Saturday, August 20, 2011

Heretics Deny The Dark Matter of Faith - 2

On weekends this blog tends to focus on tensions between theories in the scientific community.

Usually, but not always, those posts are under the title Weekend Rebel Science Excursion.

For example, in addition to today's title, notice that on this date two years ago we elaborated upon a bit of a rebellion taking place within the vast universe of cosmology.

To show that sometimes there is a semblance of the notion of "faith" in the scientific community, when that community drifts from the strictures of the discipline, we provided a post that pointed out a discourse on a subject within the elite circle, the tight group of cosmological scholarship who tell us what we know.

After first being posted here on Dredd Blog, that post was moved to the Ecocosmology Blog where it points out the controversy:
In the post "Rebel Science: The Dark Matter of Faith" the issue of faith was discussed in the context of the "dark matter" debate.

Evidently the rebellion is now growing, and the dark matter of faith may be losing out to the more tangible universe ...

Rebel science sometimes becomes main stream science. Perhaps our little discussion about faith helped?
...

The controversy is still raging: WIMP Wars.
(Heretics Deny The Dark Matter of Faith). This past week has seen a lot of posts on Dredd Blog System blogs concerning some revolutionary science, even including some juicy science friction vs. science fiction.

Here is a list of some of those posts for your weekend perusal and reading:
The Undiscovered Side of Science & Life - 3

The Appendix of Vestigial Textbooks - 2

The Tiniest Scientists Are Very Old - 2

A Structure RE: The Corruption of Memes - 4

The Little People - 2

Exploded Planet Hypothesis
(Enjoy the rock science and keep on rockin' in the free world). The next post in this series is here.

CIA Stars In A New "Karzai" Movie - 2

A couple of years ago (Oct. 2009) I posted CIA Stars In A New "Karzai" Movie about an activist who, for some reason, does not get the respect he is due.

In that post I had this to say about Mr. Ruppert:
"There is some news about a guy I met at U.C.L.A. where he talked about his life as a drug enforcement officer in the Los Angeles Police Department.

The CIA became a part of his life, since his mother, father, and fiancé were all CIA agents.

Mike Ruppert got his Burn Notice when he discovered that his fiancé was the CIA operative who was in charge of the CIA's smuggling of drugs into the U.S. under cover of various complicit operatives in his own beloved department."
(ibid). I thought it would be instructive to hear his complaint about people being afraid to speak his name:


Beginning at 26:00 then ending at 27:30 (a minute and a half) on the video, Ruppert indicates, as I have, that MOMCOM wants people to take to the streets ... don't do it he says ... it is so they can put troops on the streets and declare martial law.

As to the criticism of Bob Dylan, Mike, read Bob Dylan Sings In China - 2, a Dredd Blog post that shows the right wing in China and in the MOMCOM media is watching and listening to Bob, but Bob can't be censored.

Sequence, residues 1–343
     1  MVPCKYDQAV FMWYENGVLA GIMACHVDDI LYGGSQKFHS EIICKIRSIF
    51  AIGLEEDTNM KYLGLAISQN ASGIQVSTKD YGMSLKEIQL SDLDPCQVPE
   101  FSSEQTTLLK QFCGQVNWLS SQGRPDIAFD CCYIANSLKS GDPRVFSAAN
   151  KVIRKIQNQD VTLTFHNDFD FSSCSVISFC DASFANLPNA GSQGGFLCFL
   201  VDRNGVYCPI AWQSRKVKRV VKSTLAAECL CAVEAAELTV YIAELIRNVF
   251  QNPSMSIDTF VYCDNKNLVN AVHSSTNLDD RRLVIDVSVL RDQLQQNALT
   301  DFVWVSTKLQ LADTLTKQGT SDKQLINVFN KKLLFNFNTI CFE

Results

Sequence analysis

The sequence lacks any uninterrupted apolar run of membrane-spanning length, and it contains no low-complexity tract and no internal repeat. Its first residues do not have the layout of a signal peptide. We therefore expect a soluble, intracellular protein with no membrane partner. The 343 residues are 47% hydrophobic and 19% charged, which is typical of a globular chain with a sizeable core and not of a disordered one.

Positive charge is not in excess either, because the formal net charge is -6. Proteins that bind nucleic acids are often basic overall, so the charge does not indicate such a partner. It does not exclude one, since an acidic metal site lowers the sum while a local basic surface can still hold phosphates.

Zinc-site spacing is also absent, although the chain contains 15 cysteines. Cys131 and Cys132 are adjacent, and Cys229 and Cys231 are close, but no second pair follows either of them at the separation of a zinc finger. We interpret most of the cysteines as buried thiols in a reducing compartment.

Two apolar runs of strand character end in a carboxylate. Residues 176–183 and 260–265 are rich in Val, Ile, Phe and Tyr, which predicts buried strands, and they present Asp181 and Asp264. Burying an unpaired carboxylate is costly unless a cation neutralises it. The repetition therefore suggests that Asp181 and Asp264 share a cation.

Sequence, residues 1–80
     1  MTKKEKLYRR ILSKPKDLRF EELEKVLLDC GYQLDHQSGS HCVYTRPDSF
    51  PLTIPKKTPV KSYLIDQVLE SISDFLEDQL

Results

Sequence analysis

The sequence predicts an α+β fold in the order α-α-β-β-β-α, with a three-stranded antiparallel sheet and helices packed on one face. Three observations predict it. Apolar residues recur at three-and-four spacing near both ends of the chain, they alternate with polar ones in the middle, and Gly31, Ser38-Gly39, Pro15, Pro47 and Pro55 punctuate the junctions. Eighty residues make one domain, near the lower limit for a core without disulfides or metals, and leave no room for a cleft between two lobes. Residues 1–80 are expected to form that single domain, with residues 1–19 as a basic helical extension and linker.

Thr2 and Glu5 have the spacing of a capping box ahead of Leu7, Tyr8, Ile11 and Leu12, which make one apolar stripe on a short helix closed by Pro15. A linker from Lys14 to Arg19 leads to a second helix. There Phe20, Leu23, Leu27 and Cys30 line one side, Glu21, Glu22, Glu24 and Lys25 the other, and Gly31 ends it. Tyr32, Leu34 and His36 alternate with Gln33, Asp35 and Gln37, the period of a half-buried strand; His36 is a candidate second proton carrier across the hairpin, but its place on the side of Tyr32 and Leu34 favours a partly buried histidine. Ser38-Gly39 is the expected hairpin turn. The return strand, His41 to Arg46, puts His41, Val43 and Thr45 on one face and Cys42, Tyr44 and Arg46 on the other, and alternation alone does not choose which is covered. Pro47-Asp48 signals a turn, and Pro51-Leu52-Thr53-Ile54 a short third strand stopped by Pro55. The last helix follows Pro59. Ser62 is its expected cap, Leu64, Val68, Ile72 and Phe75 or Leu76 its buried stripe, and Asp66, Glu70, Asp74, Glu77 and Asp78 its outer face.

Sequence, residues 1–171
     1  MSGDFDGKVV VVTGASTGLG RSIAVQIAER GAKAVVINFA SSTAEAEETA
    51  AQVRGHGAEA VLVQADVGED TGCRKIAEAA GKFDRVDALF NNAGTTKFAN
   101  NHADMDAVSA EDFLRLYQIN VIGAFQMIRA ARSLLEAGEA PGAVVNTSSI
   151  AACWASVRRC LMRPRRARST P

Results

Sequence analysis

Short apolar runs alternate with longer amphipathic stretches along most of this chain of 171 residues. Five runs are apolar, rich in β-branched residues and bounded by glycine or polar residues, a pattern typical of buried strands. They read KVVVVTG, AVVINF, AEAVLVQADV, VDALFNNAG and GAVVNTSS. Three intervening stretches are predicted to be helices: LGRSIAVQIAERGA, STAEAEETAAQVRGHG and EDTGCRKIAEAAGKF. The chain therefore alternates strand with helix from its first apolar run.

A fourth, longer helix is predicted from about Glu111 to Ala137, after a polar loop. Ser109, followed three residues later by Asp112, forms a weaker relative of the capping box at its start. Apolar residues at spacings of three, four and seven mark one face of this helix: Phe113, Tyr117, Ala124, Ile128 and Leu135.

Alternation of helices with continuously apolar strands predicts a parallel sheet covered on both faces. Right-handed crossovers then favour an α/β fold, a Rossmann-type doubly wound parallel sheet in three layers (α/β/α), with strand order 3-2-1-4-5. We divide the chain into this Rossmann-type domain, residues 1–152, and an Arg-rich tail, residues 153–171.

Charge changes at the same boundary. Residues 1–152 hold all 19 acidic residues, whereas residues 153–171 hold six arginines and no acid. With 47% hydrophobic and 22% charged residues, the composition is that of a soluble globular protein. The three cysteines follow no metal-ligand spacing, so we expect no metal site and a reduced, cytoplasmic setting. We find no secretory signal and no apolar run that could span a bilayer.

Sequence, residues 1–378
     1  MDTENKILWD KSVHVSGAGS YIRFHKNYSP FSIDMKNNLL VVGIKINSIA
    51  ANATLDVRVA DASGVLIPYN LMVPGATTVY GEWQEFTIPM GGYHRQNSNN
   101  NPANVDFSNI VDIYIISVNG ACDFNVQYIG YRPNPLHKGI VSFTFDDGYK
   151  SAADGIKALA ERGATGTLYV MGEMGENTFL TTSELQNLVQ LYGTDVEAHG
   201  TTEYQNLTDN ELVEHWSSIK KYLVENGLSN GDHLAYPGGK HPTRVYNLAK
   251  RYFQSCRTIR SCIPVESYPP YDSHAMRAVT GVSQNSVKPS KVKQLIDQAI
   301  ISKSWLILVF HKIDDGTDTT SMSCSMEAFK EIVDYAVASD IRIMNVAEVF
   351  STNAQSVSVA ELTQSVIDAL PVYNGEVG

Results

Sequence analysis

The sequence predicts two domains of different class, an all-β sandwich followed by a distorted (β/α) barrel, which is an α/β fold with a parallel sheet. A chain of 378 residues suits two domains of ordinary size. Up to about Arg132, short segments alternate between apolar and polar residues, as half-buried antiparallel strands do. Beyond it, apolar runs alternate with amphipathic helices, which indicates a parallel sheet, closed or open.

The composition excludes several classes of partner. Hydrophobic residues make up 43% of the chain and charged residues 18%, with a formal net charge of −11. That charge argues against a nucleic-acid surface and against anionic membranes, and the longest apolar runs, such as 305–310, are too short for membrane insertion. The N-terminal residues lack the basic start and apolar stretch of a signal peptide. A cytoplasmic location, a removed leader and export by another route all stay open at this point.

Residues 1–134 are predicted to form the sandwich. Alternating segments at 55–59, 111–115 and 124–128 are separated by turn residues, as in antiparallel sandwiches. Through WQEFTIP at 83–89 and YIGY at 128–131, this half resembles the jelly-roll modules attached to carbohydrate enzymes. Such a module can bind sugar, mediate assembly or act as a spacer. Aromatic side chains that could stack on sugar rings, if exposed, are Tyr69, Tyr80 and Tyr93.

Perhaps Mr. Ruppert could take it a bit more easy if he read yesterday's post here, and realized we are only talking about the demise of civilization itself (your microbes will be fine).

Friday, August 19, 2011

The Undiscovered Side of Science & Life - 3

One of the mysterious, yet exciting jobs people can have is in the vast field of scientific research.

People working in that field function somewhat like weather radar, and other types of radar.

At least in the sense that they are constantly probing to find understanding that is just ahead, understanding that currently is still just outside the boundaries of our human knowledge at that moment in time.

Some of their discoveries quite recently are not anywhere near ho-hum, to say the very least, rather they are Earth shaking.

We will get to those new discoveries, but first remember that according to the Big Bang Theory the essence of elements evolved shortly after the big bang, which was during the nucleosynthesis phase.

Those "elements" that developed can in general be called the first "machines", i.e. the first non-organic entities.

Thereafter according to the theory, microbes, i.e. organic entities, formed from those early machines that had already developed:
"Our cells, and the cells of all organisms, are composed of molecular machines. These machines are built of component parts, each of which contributes a partial function or structural element to the machine. How such sophisticated, multi-component machines could evolve has been somewhat mysterious, and highly controversial." Professor Lithgow said.
...
"François Jacob described evolution as a tinkerer, cobbling together proteins of one function to yield more complex machines capable of new functions." Professor Lithgow said.

"Our work describes a perfect example of Jacob's proposition, and shows that Darwin's theory of evolution beautifully explains how molecular machines came to be."
(Will Humans Evolve Into Machines?, quoting Professor Trevor Lithgow). In the fairly recent past researchers have discovered that microbes which evolved from machines are the oldest and the most abundant life forms on the planet Earth:
Single-celled microorganisms were the first forms of life to develop on Earth, approximately 3–4 billion years ago. Further evolution was slow, and for about 3 billion years in the Precambrian eon, all organisms were microscopic. So, for most of the history of life on Earth the only forms of life were microorganisms.